The African Union (AU) hosted the 5th Conference of Ministers of Drug Control (CAMDC5) in Addis Ababa, Ethiopia, from 8th to 11th October 2012. IDPC was present throughout the four-day meeting, during which Member States adopted and approved some important new documents for the region: the “AU Plan of Action on Drug Control for 2013 to 2017”, the “Continental Minimum Standards for Treatment of Drug Dependence”, and a “African Common Position on Access to Pain Management Drugs”.

In advance of the meeting, IDPC released a targeted Advocacy Note that contained several practical recommendations, many of which were reflected in the final documents from the meeting.

After the AU Commission presented a summary of the old and new Plans of Action, IDPC was invited to present observations. The IDPC speech was well received, and focused on two main points:

  1. Legal and policy distinctions need to be made between high-level drug traffickers (organised criminals profiting from a multi-billion dollar international black market) and drug users (vulnerable people for whom addiction and drug misuse are serious health concerns). The effective approach for the latter group is simple: “Support. Don’t Punish”.
  2. The Plan of Action’s “Implementation Matrix” (which outlines the indicators to measure progress) needs to measure the right things – looking at drug availability, use and prices, treatment uptake, drug-related deaths, HIV transmission, and the negative consequences of drug policies, as well as standard measures such as drug seizures and arrests.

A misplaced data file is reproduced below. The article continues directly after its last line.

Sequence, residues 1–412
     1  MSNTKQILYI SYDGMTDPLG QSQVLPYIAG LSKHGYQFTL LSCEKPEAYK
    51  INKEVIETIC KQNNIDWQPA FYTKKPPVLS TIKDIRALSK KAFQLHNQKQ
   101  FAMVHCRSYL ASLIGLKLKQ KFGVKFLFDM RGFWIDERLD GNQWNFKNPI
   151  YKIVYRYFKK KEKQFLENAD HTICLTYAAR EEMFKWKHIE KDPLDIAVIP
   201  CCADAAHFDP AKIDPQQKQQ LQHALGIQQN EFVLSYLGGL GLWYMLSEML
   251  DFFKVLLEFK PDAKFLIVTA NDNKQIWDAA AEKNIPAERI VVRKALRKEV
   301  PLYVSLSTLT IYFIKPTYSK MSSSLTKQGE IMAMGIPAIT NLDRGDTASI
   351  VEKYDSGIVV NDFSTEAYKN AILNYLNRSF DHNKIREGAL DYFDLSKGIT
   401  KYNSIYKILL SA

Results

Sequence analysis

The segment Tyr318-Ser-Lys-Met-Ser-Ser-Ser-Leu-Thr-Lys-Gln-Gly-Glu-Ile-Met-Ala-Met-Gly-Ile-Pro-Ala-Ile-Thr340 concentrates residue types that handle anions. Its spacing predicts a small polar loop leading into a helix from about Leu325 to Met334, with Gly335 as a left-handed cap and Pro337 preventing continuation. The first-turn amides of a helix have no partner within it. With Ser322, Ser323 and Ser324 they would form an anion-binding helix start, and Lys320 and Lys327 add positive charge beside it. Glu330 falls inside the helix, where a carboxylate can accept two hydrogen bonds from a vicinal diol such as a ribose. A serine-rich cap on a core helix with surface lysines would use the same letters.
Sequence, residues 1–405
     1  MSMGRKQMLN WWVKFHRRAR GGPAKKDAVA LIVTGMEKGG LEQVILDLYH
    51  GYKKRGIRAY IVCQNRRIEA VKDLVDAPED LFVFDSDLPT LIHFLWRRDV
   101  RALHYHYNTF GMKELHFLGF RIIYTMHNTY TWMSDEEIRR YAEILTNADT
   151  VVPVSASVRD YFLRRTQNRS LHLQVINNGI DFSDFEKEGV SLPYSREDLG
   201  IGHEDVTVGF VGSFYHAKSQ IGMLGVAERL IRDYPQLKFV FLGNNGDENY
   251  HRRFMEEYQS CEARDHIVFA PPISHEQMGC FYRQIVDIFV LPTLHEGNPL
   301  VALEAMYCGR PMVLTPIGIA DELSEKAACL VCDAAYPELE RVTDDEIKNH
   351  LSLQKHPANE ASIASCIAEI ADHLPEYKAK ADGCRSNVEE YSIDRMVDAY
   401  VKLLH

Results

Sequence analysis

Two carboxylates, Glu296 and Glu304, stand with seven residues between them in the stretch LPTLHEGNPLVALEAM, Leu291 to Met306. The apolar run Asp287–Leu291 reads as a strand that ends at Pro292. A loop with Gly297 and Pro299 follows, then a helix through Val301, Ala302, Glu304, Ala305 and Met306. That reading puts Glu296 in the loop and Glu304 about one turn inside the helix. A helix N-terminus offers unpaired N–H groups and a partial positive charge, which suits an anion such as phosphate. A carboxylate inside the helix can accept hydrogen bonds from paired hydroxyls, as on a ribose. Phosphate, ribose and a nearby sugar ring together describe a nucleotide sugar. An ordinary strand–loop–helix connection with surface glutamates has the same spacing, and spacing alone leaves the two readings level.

Additional presentations in the expert segment were given by Joanne Csete (Global Drug Policy Programme), Reychad Abdool and Stefano Berterame (UNODC), and a delegation from Tanzania presenting their experiences to date with the implementation of harm reduction programmes.

There were numerous interventions and statements from the Member States, but there was notably little real debate among the experts (perhaps because many of them had seen or commented on the documents before). Participants returned on several occasions to the need for greater capacity building, more funding, better international cooperation (specifically regarding extraditions and the seizure of drug trade assets), and better treatment and aftercare models in the region.

Only small changes were made to the key documents – particularly the “Implementation Matrix” – but the crucial references to “comprehensive, accessible, evidence-informed, ethical and human rights based” services was retained.

The subsequent day was filled by the ‘Ministerial Segment’ of the meeting, at which around 30 AU Member States were represented. The Ministerial Segment closed with the formal adoption of the documents presented, instating these as official AU resources.

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